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People Willing to Farm in the Islands Is Dwindling

July 19, 2004 – The U.S. Virgin Islands faces numerous challenges when it comes to growing crops, Agriculture Commissioner Lawrence Lewis told the Source during a break in Monday's Caribbean Food Crops Society conference at the Westin Resort in St. John.
While pests and implementation of modern technology are pressing problems, the lack of people to farm may be even bigger.
"The average age of farmers is 60," Lewis said. He said there is little interest from younger people, mainly because the work is hard and the pay is low.
The conference began Monday and runs through Friday. It brought together about 250 professionals whose work concerns food crops from across the Caribbean and the U.S. mainland. Most are from universities or government agencies.
The organization was founded in St. Croix in 1963. While it meets in the Virgin Islands every 10 years, this was the first time it held its annual meeting in St. John.
"The Garden of Eden could not have been prettier than this," said Alberto Beale, a researcher at the University of Puerto Rico and chairman of the Food Crops board of directors.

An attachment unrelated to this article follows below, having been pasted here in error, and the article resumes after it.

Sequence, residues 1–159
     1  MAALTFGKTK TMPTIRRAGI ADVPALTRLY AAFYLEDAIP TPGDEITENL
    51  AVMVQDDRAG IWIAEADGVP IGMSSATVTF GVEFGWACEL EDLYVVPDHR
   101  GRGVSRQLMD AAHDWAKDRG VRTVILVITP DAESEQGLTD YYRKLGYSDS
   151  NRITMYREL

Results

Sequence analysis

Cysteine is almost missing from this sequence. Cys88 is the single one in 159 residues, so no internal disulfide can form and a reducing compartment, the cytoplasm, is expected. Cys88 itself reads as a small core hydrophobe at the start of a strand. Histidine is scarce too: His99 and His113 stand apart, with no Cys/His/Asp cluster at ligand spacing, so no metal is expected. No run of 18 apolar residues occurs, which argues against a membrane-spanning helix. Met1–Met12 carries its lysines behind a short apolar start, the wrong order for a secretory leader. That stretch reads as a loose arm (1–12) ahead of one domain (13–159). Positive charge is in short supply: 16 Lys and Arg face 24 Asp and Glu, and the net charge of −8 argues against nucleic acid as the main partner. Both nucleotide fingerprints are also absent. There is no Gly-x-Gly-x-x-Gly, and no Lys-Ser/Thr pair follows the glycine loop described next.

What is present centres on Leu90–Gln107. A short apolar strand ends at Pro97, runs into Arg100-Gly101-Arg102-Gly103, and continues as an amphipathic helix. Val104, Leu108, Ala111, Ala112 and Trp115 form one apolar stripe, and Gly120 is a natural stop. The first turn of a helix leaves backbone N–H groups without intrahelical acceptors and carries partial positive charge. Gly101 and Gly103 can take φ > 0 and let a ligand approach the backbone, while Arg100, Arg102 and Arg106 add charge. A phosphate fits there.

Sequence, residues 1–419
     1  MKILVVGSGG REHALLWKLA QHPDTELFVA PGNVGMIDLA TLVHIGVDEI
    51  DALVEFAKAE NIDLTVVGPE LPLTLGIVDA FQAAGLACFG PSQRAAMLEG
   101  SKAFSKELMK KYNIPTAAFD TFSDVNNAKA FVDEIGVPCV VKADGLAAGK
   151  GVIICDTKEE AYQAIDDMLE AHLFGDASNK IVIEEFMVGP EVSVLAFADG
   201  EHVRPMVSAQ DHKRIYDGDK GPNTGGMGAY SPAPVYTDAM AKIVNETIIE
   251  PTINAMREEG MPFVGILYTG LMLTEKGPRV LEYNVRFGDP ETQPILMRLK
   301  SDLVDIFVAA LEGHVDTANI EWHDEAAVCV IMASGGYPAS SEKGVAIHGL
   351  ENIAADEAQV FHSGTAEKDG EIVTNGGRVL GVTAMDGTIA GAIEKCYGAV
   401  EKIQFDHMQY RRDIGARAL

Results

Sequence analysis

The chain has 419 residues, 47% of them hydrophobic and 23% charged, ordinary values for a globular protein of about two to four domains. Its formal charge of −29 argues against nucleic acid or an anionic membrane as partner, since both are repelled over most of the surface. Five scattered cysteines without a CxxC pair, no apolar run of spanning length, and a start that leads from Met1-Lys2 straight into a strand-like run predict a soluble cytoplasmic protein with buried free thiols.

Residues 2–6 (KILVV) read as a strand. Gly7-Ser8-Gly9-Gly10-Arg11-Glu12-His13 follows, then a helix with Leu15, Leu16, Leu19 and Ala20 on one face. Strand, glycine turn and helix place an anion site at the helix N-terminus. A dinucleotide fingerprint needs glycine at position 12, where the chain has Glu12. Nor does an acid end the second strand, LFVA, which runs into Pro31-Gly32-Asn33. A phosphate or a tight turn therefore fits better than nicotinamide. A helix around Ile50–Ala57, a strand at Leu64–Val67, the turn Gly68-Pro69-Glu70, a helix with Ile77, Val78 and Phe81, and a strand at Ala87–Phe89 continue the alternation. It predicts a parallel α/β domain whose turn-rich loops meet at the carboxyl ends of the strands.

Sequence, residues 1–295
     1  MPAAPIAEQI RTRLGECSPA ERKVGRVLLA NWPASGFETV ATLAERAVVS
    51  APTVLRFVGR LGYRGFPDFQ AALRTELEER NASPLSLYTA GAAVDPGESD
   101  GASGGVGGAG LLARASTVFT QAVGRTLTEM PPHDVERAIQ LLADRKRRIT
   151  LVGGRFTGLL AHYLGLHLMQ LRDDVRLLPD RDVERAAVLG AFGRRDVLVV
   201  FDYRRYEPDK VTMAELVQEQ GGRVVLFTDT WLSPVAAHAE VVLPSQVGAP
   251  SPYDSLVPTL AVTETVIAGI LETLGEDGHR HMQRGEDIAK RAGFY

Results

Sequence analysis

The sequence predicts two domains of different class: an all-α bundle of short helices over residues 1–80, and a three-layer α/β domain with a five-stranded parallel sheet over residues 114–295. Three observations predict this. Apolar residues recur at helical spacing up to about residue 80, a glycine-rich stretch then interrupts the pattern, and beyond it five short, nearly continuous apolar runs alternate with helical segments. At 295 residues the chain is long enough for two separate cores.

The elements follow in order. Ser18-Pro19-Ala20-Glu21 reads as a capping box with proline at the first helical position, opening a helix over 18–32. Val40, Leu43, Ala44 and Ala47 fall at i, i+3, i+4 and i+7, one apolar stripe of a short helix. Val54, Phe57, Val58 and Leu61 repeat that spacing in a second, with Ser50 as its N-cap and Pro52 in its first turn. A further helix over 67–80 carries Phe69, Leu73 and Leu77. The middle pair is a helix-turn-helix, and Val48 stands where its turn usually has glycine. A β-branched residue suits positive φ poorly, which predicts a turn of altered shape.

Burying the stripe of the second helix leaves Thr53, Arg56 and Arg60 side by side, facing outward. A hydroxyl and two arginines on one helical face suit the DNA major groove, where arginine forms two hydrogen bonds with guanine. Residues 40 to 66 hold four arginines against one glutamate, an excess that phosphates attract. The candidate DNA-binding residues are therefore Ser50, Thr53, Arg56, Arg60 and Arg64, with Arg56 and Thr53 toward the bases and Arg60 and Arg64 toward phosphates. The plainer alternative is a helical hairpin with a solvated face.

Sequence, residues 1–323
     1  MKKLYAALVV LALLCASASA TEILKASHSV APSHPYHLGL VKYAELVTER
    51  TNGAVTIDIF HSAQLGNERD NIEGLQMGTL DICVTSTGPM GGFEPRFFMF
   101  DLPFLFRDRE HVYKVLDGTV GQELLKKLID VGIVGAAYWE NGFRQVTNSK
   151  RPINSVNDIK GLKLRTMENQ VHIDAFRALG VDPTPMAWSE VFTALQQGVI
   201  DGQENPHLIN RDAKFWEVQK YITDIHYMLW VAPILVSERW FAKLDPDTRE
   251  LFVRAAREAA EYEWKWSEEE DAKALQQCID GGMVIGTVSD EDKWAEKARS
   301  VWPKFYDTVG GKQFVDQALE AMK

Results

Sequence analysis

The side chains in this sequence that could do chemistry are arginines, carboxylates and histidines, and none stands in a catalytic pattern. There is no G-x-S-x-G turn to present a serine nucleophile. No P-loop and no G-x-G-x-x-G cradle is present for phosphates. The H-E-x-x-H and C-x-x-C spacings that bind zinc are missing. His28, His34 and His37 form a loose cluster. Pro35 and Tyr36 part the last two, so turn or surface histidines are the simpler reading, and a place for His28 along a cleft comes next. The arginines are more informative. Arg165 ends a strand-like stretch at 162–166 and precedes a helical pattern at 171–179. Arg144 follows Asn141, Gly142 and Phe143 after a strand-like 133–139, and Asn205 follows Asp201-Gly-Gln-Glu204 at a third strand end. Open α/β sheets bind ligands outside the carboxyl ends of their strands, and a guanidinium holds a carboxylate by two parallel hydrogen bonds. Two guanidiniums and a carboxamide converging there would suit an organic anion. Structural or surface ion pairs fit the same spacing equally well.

Lewis, in his remarks to the conference, joked that the event gave scientists an opportunity to present papers so they could be promoted.
"And it's an opportunity for some of the rest to have a little vacation," he said
Seventy-five of its members will make presentations on a variety of topics over the five days. Many of those topics are aimed at using technology to improve farming.
"We need to take a quantum leap forward," said Malachy Dottin, a researcher for the Grenada government and past president of the society.
Kwame Garcia, who heads Cooperative Extension at the University of the Virgin Islands, and is the current Food Crops president, said the work done by those at the conference helped to raise the Caribbean's standard of living.
LaVerne Ragster, UVI's president, gave the keynote speech. She reminded those at the conference that agriculture was a business, a fact that often gets lost in the romanticism of the work.
She said that to help farmers develop their business acumen, the university offers courses in record keeping. She said it was particularly important because farmers are eligible for aid if they suffer damage in a storm.
"If you have no records, you get no dollars," she said.
She said that small islands need entrepreneurs, including farmers, but noted that UVI had as students 75 women to every 25 men, a situation causes an imbalance in the island's society.
Ragster called on those at the conference to forge partnerships to help solve the Caribbean's farming issues.
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